By Philippe Raffi Kalfayan
Observers were surprised when President Recep Tayyip Erdoğan questioned the fair application of the Lausanne Treaty recently. In a visit to Athens in December, he asked for its revision, claiming that “the Muslim minorities on the Greek border of Western Thrace were not able to choose their own chief mufti, while the Christian communities in Turkey enjoyed greater freedom when choosing their Patriarch.” Previously, he had declared that Lausanne was not such a great victory, because Turkey had to give away some [now Greek] islands. Meanwhile, he praised the Lausanne Treaty as the result of the first victory for the independence of Turkey.
The reaction of the CHP [Republican Kemalist Party] was prompt, condemning those comments, recalling that the Lausanne Treaty is the title deed of the Republic of Turkey.
We should take a closer look at that treaty, especially the conditions in which the treaty was concluded, its consequences for Armenians inside or outside the country, and how it has been applied so far by Turkey.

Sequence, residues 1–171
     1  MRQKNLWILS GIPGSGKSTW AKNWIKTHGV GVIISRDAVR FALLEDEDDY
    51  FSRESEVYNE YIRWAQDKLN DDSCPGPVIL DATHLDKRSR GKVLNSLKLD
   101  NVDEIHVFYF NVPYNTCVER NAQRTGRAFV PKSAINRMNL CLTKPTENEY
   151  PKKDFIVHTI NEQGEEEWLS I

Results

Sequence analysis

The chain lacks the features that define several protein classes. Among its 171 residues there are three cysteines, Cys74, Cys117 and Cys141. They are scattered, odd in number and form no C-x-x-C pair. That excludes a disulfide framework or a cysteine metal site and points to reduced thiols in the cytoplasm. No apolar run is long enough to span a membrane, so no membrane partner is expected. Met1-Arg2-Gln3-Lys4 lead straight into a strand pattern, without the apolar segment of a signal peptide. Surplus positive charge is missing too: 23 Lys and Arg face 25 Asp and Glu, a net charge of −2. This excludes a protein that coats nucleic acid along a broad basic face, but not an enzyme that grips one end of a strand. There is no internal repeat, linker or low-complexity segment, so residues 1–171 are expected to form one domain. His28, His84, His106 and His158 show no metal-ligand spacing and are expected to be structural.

A Diplomatic and Moral Defeat of Western Allies; A Legal Nightmare for Armenians
In the Treaty of Sèvres, Turkey recognized an independent Armenia. It admitted to the massacres and agreed to deliver those responsible for the massacres committed on Turkish soil to the Allied Powers with the latter having the authority to establish tribunals and conduct criminal trials. Further, Turkey agreed to a new system of Capitulations, which protected the Allied Powers and their nationals from Turkish courts. The Treaty of Sèvres also established duties on Turkey to protect minorities. The Allied Powers signing the Treaty of Sèvres were the British Empire, France, Italy and Japan. Armenia was among the Principal Allied Powers and could present its memorandums and claims.